|A photo walk across Stoke Fields to Winton's Wood, Stoke-on-Trent
- the parish of St. Simon and St. Jude
next: boyhood - continued
previous: St. Jude's 1900-1939
The author can now take up the narrative, based on personal knowledge and recollections. Although this is intended to be about St Jude's and not one person's reminiscences, it is inevitable that a certain amount of nostalgia will intrude. For that I crave indulgence but offer no apology.
The late 1930's saw preparations for war although to a small child, life remained unchanged. Holidays to the seaside, visits to Hanley Park and shopping in a large perambulator. An early memory involved going with the ladies of the family to the Jubilee Hall in Stoke Town Hall, to be issued with our new Ration Books. An air-raid shelter in the back yard, siren suits and Air Raid sirens, visits to the shelter shared with neighbours during the Black-Out, with the sounds of aircraft overhead and the All-Clear siren afterwards.
Seaford Street had a large communal shelter and a static water tank built at the side of the street. These tanks were a fatal attraction for some children as they were about six feet deep with no means of escape once in the water. Dire warnings were issued and the tanks covered with wire netting in an attempt to stop trespass. This measure was not always successful. Gas-lit streets were dark during the Black-Out, which was enforced by street wardens, and everyone not "called up" for the armed forces seemed to be involved in the war effort.
Home Guard, Air Rid Precautions (ARP), Civil Defence, Womens' Voluntary Service (WVS), Auxiliary Fire Service (AFS) and Ambulance Drivers were all neighbours doing their bit. Even school children were encouraged to play their part. At Cauldon Road School, books and other comforts for the troops were collected and National Savings was a patriotic duty. Milk, orange juice, cod liver oil and drinking chocolate powder were issued as dietary supplements.
The Territorials or "Terriers" as they were affectionately known, were immediately mobilised along with reservists from the other Services. Initially men between 18 and 26 were called up for armed service, but gradually the age was increased to include older and older men. Men in certain specified "reserved occupations" were barred from military service; mining, heavy industry and transport were included with others. Women too were directed into war jobs, some actually into the womens' sections of the armed forces, the WRNS (Wrens), The ATS and the WAAFS, while the Womens' Land Army, munitions and certain industrial work also needed labour. Some men were in the frustrating position of having been too young for the First War and were now too old or otherwise disqualified for the Second War, and took the only alternatives open to them. Only the very old, the very young or mothers with families were seen in the streets during the daytime, whilst at night the remaining men after a day's work took on their auxiliary roles. King George VI paid tribute to them at the end of the War.
Stoke Railway Station was a hive of activity, and was always thronged with men and women in uniform. A small boy with a soap-box cart, if he positioned himself at the top end of Victoria Road, or along Leek Road could always earn a few coins by transporting soldiers' kit bags for the final half mile to the station. It also worked in reverse when the men came on leave. The fare was by negotiation depending on the distance involved, but it was touching how generous they were, and how grateful. The Red Cross coffee stalls and the WVS were always on hand with refreshments.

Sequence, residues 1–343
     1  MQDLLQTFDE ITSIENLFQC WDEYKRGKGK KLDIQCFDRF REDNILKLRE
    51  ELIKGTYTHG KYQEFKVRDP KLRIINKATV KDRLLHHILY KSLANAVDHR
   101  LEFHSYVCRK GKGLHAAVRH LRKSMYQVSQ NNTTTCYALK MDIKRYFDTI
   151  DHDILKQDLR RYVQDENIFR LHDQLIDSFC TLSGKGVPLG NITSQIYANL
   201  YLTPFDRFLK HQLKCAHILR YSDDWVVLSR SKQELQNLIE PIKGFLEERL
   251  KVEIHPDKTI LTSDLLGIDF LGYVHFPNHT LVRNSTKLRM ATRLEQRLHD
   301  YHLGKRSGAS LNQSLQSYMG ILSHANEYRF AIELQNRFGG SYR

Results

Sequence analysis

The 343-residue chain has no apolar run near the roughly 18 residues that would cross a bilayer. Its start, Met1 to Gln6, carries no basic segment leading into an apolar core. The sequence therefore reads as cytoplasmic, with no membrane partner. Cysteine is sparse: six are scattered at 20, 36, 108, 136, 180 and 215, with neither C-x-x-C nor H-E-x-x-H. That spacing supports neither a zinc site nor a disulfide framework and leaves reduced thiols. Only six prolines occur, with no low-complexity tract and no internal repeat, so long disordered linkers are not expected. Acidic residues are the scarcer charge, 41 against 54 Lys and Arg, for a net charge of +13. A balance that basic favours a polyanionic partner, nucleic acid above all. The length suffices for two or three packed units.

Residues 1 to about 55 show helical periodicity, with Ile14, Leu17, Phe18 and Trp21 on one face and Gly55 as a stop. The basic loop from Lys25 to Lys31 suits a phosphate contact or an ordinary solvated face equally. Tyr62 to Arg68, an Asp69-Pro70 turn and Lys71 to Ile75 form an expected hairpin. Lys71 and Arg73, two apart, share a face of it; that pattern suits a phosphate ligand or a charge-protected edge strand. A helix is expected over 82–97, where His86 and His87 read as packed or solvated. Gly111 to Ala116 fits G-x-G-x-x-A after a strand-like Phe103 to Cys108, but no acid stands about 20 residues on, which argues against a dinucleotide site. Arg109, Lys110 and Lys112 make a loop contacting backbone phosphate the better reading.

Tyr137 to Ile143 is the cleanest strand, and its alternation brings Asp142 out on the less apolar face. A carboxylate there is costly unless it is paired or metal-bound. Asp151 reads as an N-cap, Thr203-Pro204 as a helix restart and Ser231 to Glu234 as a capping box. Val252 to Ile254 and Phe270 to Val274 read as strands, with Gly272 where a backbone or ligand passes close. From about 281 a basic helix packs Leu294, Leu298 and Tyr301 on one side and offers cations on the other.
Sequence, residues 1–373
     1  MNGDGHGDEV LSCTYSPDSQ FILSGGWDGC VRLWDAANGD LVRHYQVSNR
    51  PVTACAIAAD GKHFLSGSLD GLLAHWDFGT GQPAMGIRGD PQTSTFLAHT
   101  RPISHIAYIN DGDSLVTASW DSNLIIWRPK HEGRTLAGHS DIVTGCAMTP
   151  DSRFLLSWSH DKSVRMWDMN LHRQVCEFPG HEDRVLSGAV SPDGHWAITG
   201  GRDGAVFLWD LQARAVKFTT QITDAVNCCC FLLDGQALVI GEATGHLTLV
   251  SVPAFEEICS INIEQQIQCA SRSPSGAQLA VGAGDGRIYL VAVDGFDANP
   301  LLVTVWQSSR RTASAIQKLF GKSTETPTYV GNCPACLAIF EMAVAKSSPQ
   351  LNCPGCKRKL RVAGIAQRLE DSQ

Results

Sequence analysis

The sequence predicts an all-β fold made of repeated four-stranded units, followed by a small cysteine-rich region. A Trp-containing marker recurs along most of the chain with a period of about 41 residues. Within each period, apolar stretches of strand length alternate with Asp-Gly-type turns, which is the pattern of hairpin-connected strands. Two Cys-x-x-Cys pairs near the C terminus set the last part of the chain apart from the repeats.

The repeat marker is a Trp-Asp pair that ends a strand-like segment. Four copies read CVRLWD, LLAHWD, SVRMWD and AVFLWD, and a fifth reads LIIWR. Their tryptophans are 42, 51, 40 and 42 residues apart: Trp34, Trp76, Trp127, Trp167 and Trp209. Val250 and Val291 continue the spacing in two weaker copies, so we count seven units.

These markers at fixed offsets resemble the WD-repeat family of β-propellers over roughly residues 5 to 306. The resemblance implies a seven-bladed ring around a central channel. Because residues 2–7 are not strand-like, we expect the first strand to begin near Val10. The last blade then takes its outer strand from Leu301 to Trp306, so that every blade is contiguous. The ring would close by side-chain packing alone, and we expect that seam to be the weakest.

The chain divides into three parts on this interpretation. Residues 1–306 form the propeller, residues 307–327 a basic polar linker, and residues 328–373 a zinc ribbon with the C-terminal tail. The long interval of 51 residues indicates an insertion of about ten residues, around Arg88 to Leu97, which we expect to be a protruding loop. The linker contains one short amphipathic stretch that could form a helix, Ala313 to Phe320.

Winters seemed long and harsh, while summers seemed endless and hot and we spent our days in Hanley Park without let or hindrance, always of course keeping an eye out for the "Parkies" who despite their advancing years and sometimes disabilities, could send a gang of small boys flying for cover. Band concerts were frequent events in the Park at week-ends, the tell-tale sign being a canvas coin-collector at the gate, reminiscent of a Field Wash-Stand, manned by a Bandsman.
Membership of the Choir and Sunday School at St Jude's was as natural as breathing, and took up all Sunday, with a choir practice in the week. Sometimes a funeral or a wedding on Saturday could earn a halfcrown. Too late for the morning cinemas in Stoke or Hanley, but one could always catch the afternoon show at the Princes in Wharf Street, between the canal and St Peter's Church. There were patriotic collections of all things aluminium to build Spitfires, and iron garden railings were compulsorily cut down and carted away for the War Effort. The stumps of these railings could be seen for years afterwards; even today if you look carefully at the forecourt walls of some older houses, they are still in evidence.
Legend has it that despite good intentions, much of the accumulated metal was never used for its intended purpose. For iron railings to be spared from this fate, they had to be of special architectural or historical significance, and another legend has it that the newly erected ornamental railings at the Orthopaedic Hospital in Hartshill ( known as "the Cripples"), which depicted children engaged in all kinds of healthy activities became a contentious issue. Apparently the Hospital Board's architect was also appointed to oversee the activities of the Metal Salvage Board, and engaged in correspondence with himself, on one hand as the Appellant, and one the other hand as the Confiscating Authority. The Hospital won and the railings are still to be seen in Hartshill.